I originally started to pencil in this post much earlier in the year, but it got left in the drafts folder for quite a while, but I thought it was time to get this one out there with the very recent launch of Disney+ over in the US.
This year alone, here in the UK we have seen the launch of a Sports news subscription service called The Athletic. Whist It focuses on Football for the domestic audience, the service also follows most of the major US sports (including NFL and NBA).
In the past few months we have seen the announcement of even more subscription model based services. Most notably, Disney+ and the UK launch of BritBox.
Now traditionally if we talk about subscriptions you may think of magazines or newspaper subscriptions, beyond that, we didn’t really have many other products.
With a subscription in the physical world, you are guaranteeing the publisher a set monthly/weekly fee for a discount in their product. As they are delivering a physical product, a portion of the subscription goes directly to the printing and delivering.
As we moved into the digital world your typical subscription is no longer physically delivered, you are being provided a digital service.
The cost of providing a service to a customer is not only lower overall, but if the product is not full consumed, it provides ‘free’ income.
Good example of this model and approach can be seen by looking at how mobile phone contracts have evolved over the past 10-15 years.
Originally you had to pay for line rental, then pay a set price per minute or text message. After a short while the providers realised they can start bundling up the product and provide both minutes and texts into the line rental. This was great for the consumer as they had a known monthly price for their typical consumption rather than receiving a different price each month depending on how much the phone was used.
Bundles where selected to meet the customers requirements – where a customer typical uses of 200 mins a month they might select a bundle of 300 mins. The provider now gets a fixed income from the customer, with the knowledge that each minute consumed it paid for, and anything left off is again, ‘free’ income.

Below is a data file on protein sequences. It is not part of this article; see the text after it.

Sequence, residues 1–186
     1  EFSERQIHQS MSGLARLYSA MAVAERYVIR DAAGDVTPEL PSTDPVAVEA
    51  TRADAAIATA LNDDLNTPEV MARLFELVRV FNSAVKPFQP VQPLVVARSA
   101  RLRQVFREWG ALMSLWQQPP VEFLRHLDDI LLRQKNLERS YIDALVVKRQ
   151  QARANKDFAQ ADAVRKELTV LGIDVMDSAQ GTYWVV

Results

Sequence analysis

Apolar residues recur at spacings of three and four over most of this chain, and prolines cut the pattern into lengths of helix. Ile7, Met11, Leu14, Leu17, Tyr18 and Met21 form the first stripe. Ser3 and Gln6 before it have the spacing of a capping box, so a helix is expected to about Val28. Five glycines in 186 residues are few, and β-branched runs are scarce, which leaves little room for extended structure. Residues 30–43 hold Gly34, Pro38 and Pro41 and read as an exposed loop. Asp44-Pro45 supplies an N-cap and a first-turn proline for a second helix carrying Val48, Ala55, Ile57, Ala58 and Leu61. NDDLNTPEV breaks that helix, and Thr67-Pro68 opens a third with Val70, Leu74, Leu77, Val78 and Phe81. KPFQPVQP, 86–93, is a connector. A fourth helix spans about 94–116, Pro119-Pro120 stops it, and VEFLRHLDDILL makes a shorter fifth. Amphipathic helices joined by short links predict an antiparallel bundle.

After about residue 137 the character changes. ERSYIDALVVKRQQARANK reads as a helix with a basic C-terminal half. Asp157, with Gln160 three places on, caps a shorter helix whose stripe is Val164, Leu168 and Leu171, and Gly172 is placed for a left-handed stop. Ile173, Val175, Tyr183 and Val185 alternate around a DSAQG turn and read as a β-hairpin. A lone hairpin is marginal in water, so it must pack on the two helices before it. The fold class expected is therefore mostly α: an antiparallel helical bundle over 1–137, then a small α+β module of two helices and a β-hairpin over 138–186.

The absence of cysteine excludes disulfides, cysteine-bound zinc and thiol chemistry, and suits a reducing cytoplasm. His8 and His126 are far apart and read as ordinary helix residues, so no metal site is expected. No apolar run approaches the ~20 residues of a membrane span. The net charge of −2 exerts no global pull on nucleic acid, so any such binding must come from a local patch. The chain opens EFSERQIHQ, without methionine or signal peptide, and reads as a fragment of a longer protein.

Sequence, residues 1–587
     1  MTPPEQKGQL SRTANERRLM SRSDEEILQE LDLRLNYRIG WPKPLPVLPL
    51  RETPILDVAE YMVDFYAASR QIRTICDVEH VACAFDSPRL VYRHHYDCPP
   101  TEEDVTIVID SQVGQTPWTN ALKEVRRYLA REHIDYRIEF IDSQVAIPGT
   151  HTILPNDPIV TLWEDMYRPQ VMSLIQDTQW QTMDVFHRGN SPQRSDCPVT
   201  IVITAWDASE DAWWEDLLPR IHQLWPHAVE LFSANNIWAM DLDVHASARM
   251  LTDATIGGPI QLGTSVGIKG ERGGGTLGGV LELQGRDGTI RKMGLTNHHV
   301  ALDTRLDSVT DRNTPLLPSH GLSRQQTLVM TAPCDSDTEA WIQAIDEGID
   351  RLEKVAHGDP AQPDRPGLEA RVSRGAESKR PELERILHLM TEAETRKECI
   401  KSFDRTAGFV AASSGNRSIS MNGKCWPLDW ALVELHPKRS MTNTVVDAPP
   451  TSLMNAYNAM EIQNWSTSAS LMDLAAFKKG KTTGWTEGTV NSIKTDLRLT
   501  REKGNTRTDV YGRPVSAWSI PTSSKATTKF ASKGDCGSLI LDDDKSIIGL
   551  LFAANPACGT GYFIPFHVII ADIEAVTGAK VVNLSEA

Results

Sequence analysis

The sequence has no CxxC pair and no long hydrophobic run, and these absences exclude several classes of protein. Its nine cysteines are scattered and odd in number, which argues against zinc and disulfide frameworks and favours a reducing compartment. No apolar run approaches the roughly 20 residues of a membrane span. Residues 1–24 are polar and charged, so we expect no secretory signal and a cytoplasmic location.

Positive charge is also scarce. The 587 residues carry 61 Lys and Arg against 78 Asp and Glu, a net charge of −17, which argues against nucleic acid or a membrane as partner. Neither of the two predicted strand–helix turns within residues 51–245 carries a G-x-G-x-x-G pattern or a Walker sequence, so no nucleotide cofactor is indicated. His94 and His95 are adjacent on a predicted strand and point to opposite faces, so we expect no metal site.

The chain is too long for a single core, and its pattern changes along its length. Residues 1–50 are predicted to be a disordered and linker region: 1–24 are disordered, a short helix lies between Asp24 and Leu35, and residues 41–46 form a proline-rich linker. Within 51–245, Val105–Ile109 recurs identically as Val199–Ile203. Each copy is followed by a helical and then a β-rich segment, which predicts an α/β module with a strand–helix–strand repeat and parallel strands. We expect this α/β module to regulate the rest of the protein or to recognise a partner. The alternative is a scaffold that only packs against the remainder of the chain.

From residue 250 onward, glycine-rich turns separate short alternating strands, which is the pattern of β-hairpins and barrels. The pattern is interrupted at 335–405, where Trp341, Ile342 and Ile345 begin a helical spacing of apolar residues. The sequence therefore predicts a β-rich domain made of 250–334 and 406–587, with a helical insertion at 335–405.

As more customers use the same package, and the costs to serve the customer decreases, the provider has a higher profit margin to work with. As a typical customer consumes within their package, the ability for the provider to ‘oversell’ increases.
If 10 customers existed on the 300 minute package, and only consumed 200 on average, total consumption is 2,000 minutes where 3,000 have been paid for and costed.
As we moved through the years up to today, most providers will now give you unlimited minutes. Whilst partly this is due consumers making less calls, the cost to provide the calls has vastly decreased, the provider has the ability to leverage the £20/£30/£40 bundles. The cost to provide the service is low, and the actual costs of the customer usage very low.
Similar model was also seen with mobile data, today GiffGaff can offer 80GB for only £20 a month. Whilst providing 80GB of data absolutely costs more than £20 the economics across the entire customer base means they working on a decent margin through the ‘oversell’.
Moving further into the digital world, the model of overselling can be seen more prominently.
Back when Gmail first launched they provided a whopping 1GB of storage for EACH address. At the time it was noted that each GB would cost Google around $2. The assumption also being that each address would never use anywhere near that amount of data – attachment limits also applied.
Now 15 years later it costs nowhere near as much as $2 per GB, £1.59 a month gets you 100gb of storage across the entire suite of Google products. Again given most customers will never use the full allocation, Google can aggressively price their bundles and quotas to maximise revenue.
Microsoft 365, SaaS
For Microsoft 365 the pricing model and principles outlined above clearly demonstrate the guaranteed income and potential margins for selling added service such as storage. With Microsoft 365, they are also importantly delivering an application, which has fixed development costs.
This was actually an easy decision for Microsoft as they already have the suite of applications, and an active roadmap for both home and business customers. To build out Office into the 365 package. They can not only guarantee a income each month – rather than sporadic retail purchase, they have the ability to up-sell and ‘lock in’ the customer into the future.
SaaS (or Software as a Service) is forever going to grown in the next decade as the small monthly income provides a much more stable income for development whilst also providing continuous product updates at the ultimate cost of lock in. The consumers income is gradually going to get eaten away by services and products that are not actually need, and certainly don’t provide overall value.